The usage of natural resources has spiked up rapidly due to the tremendous increase in the global population. The vast number of resources consumed generally results in more waste. It is anticipated that by 2050, worldwide municipal solid waste (MSW) will be over 3.40 billion metric tonnes (MT) (Ellis, 2018). Food waste dominated the highest percentage, followed by paper and paperboard, plastic, yard trimmings, and metals (The World Bank, 2021). These wastes are usually disposed of in landfills but may be recycled, composted, or utilized in energy recovery.
Malaysia, Indonesia, and Thailand are the leading producers of palm oil, accounting for more than 90% of the global market in total, with Malaysia accounting for 25.9% of global production and 33.7% of global palm oil exports in 2019 (MPCO, 2021; Zafar, 2021). In palm oil plantations, fresh fruit bunch is employed as a raw material; however, only 23% of the raw material is utilized to make palm oil, with the remainder being trash (Aziz et al., 2015). Most waste landfills are located far from cities. Therefore, a high operating cost for waste transportation and disposal is associated with palm oil wastes, including empty fruit bunch (EFB), fibers, and nutshells (Aziz et al., 2015). In certain scenarios, open-ended burning is used to dispose of EFB trash, causing huge environmental difficulties, including global warming potential (GWP) and air pollution (Ninduangdee and Kuprianov, 2016). These EFB may also be reused as biomass, reducing the processing plant's economic and environmental burdens. Since EFB biomass is low in sulphur, it reduces GWP and air pollution (Ninduangdee and Kuprianov, 2016). Furthermore, EFB may be processed into high-value products such as glucose, xylitol, levulinic acid, and vanillin (Hafyan et al., 2020). In addition, it may be chemically processed into ethanol, furfural, and lactic acid and converted into energy such as bio-oil, biogas, bioethanol, and methane (Geng, 2013).
Malaysia, Indonesia, and Thailand generated 27 million MT of EFB in 2019 (Zafar, 2021). Since EFB is readily available in Malaysia, it is an inexpensive renewable energy source (Alaw and Sulaiman, 2019). These EFB may be further processed to extract valuable food and chemicals; hence, promoting resource conservation and sustainable processes (Alaw and Sulaiman, 2019). However, there is still much waste to date, even if many plants use the EFB to manufacture foods, chemicals, or energy. This is because the existing process plant only valorizes a particular component in EFB such as cellulose or hemicellulose only. This procedure also requires many separations, increasing the capital cost. To overcome this, lignocellulosic biomass may be processed into numerous products in a single plant in an integrated way. For an integrated process plant producing both food and chemicals, glucose and furfural are selected as end products because they may be produced in a single facility with minimal equipment. Moreover, the residual lignin may be used as a fuel for boilers to supply heat energy. Hence, the plant's economic and environmental impacts are reduced as a result of maximizing EFB's potential.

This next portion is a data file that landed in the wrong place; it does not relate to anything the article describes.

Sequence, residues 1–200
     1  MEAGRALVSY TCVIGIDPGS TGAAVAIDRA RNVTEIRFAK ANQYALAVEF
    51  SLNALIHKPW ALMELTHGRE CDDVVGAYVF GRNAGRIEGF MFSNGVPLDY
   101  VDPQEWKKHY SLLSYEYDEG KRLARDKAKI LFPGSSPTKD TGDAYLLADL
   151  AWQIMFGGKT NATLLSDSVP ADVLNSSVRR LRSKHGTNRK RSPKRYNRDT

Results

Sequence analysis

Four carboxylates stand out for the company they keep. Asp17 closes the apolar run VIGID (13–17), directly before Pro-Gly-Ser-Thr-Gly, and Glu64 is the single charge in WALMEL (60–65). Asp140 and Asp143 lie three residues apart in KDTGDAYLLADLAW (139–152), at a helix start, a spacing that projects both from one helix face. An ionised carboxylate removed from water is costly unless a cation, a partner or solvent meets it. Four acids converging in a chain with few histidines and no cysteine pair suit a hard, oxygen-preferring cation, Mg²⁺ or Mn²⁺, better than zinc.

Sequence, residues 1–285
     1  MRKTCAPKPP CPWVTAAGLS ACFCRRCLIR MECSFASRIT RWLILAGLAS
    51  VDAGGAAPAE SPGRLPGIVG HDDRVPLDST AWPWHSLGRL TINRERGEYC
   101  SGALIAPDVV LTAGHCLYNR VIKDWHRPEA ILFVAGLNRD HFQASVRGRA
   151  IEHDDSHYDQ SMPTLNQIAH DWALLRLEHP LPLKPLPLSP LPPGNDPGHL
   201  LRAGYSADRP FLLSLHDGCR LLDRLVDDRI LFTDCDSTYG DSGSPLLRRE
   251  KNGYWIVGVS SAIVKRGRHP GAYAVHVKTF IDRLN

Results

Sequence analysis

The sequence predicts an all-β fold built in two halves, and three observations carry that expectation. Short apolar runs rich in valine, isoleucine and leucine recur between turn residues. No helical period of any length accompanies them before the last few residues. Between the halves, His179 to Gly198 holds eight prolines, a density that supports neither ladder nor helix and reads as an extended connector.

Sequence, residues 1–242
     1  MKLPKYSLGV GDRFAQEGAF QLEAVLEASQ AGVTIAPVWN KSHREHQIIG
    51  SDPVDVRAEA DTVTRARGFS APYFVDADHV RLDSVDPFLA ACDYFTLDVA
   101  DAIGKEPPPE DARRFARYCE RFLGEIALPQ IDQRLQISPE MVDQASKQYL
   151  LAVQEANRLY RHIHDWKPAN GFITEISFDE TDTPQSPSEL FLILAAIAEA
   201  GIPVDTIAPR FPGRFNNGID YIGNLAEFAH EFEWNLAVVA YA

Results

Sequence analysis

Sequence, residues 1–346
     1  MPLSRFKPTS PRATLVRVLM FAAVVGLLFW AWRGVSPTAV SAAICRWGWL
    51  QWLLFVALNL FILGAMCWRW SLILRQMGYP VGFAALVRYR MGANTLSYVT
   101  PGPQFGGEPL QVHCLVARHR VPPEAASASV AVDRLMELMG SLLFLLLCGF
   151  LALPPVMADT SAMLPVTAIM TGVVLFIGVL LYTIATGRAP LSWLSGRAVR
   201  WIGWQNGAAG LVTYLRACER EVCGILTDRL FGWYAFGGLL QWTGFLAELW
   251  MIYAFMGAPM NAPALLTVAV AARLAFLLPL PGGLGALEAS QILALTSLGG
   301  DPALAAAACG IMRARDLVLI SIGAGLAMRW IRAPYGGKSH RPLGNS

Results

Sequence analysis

Currently, only a few studies have worked on an integrated process plant employing EFB, where theoretical data is used to generate findings. Ajiwibowo et al. (2019) developed an integrated system to convert EFB to hydrogen and ammonia. Although their system can produce hydrogen and ammonia efficiently, their study only focused on energy analysis, without sufficient techno-economic analysis. In addition, an ethanol production system using EFB as feedstock has been developed and analyzed by Piarpuzán et al. (2011). Their work did not focus on developing an integrated system. Vargas-Mira et al. (2019) have compared and evaluated different routes of conversion technologies for hydrogen production from EFB.
On the other hand, Contreras-Zarazúa et al. (2022) have proposed furfural production utilizing agricultural residues. Their techno-economic analysis showed that furfural production from wheat straw through combined dilute acid pretreatment and thermally coupled distillation led to the lowest cost and environmental impacts. Furthermore, Hossain et al. (2019) have proposed a co-production system for bioethanol and furfural from corn stover, combining both biochemical and thermal pretreatment. Heat integration has been conducted, and the system showed feasible economic profitability. Unfortunately, those previous studies are not solely dedicated to converting EFB to glucose and furfural. Also, the process conditions were not optimized to maximize the production rate and purity. Existing research also lacks modelling data and production rates for integrated processes. The process design and optimization may also assist in achieving the requisite product purity. In addition, existing work lacks economic analysis and profitability to assess an integrated plant's viability. Therefore, this work aims to use simulation to obtain the mass and energy balance for optimizing the integrated process and perform an economic analysis to identify the overall profitability and plant viability.
Converting EFB components into value-added products reduces waste generation and promotes a circular economy. Using process simulation of Aspen Plus (Aspen Technology Inc.), the production rate, purity, and flowrate of the product may be calculated and adjusted to reduce raw material consumption and eventually reduce the capital cost. When evaluating the profitability of the integrated plant, it helps to compare the main cost drivers of the integrated plant. Furthermore, sensitivity analyses may optimize production parameters such as capacity and fixed capital. Overall, the plant viability can be determined by the process sustainability and profitability.